But when Kinshasa was Leopoldville, their was a genocide and the villages weren't even connected in anyway to the capital and they were several times more backwards than they are now, so the capital was useless in unless you think the transportation of natural resources is important. Even as a slum now, Kinshasa is infinitely better than Leopoldville times. In Leopoldville times Leopoldville looked nice and the rest of the country was being slaughtered by the masses, and was much poorer than today.
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Old 04-28-2018, 03:03 AM
 
Location: Cebu, Philippines
4,366 posts, read 1,660,383 times
Reputation: 7935
Quote:
Originally Posted by chiatldal View Post
I never said you can't post a about architecture, but those building have a function. As part of the airport, homes, and business.

And you created straw man because I like and found those building interesting, you painted a straw man as if I said all building most meet those standards and architecture, I never said that you said that. You completely assumed and created a straw man argument. It doesn't matter the architecture or height I post because their development with in cities, and just decided to compliments. And you took that created a straw man argument.d
The fact is, you never said anything. You presented a bunch of photos of buildings and let those photos do your talking. They were just exterior walls of buildings, which may or may not have had anybody doing anything inside. What are all those Africans doing inside those buildings, that is useful or productive to those cities or those countries or the citizens thereof?

You made yourself a strawman by never presenting yourself as anything else.

Tell us what, in your opinion, a "city" is , and what it is supposed to be and how does one judge if a city is developing in the right direction and how that can be measured. Then, we'll come back with thoughtful comments in line with your position. Until then, we take ourn own position, on the unannnotated material you presented.
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Old 04-28-2018, 12:58 PM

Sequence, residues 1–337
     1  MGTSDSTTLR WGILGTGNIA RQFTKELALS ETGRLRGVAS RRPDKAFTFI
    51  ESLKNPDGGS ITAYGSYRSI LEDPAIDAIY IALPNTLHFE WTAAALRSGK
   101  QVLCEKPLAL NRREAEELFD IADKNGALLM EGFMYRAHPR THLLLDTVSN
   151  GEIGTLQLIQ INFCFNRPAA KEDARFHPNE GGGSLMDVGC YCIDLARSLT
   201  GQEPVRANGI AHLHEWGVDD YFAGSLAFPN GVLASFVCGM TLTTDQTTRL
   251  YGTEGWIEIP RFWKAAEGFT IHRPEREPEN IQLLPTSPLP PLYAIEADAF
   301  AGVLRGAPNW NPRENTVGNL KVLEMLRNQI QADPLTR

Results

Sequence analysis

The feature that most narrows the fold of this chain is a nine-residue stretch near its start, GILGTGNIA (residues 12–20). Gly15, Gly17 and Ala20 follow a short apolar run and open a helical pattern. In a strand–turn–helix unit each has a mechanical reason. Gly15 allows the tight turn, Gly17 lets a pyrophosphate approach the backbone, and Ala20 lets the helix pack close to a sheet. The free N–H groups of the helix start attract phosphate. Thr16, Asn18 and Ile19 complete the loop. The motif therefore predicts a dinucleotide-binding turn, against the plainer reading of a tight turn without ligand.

Location: Maryland
18,622 posts, read 16,421,685 times
Reputation: 6348
Quote:
Originally Posted by NigerianNightmare View Post
But when Kinshasa was Leopoldville, their was a genocide and the villages weren't even connected in anyway to the capital and they were several times more backwards than they are now, so the capital was useless in unless you think the transportation of natural resources is important. Even as a slum now, Kinshasa is infinitely better than Leopoldville times. In Leopoldville times Leopoldville looked nice and the rest of the country was being slaughtered by the masses, and was much poorer than today.
This is incorrect the slaughter came under King Leopold which predates independence by 50 years. Congo colonialism was more insidious than others but the country on economic terms at least was far better. It was one of the most industrial countries in Africa at the time. Now there are hardly any paved roads.

https://fee.org/articles/crossing-th...hell-on-earth/

Quote:
The above is a rather incomplete, G-rated description of what the authors endured over nearly 2,500 miles. While the average first-world driver can complete a 100-mile trip easily within two hours, in the DRC 100-miles traveled represents a very successful day. Figure that the authors' 710 mile passage from Kinshasa to Kananga alone took place over 15 days. During one 5 mile stretch as they exited Kinshasa, they were stopped by government officials no less than four times.
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Old 04-28-2018, 02:43 PM
 
Location: Katy,Texas
3,495 posts, read 1,697,543 times
Reputation: 2212
Quote:
Originally Posted by EdwardA View Post
This is incorrect the slaughter came under King Leopold which predates independence by 50 years. Congo colonialism was more insidious than others but the country on economic terms at least was far better. It was one of the most industrial countries in Africa at the time. Now there are hardly any paved roads.

https://fee.org/articles/crossing-th...hell-on-earth/
No, the country economically was in shambles. If 3,000 people benefit from minerals being transported and all that is built is a road or railway to were the minerals are that isn't economic prosperity. It's a lie that any country got worse after colonialism. Life expectancy for Africans didn't drop from 50 to 40 and then climbed back up to 60 today. Your romanticizing a system that actually didn't benefit anybody except for an elite class of people. Congo might have been one of the most "industrial" country's in Africa at the time, but it is certainly more developed now than it was 50 years ago. A railway through a jungle and a few factories isn't an industrial country. The funny thing is industry as in industrial buildings) and paved roads don't suddenly disappear. It's not like Congo was an easy country to cross during colonial times.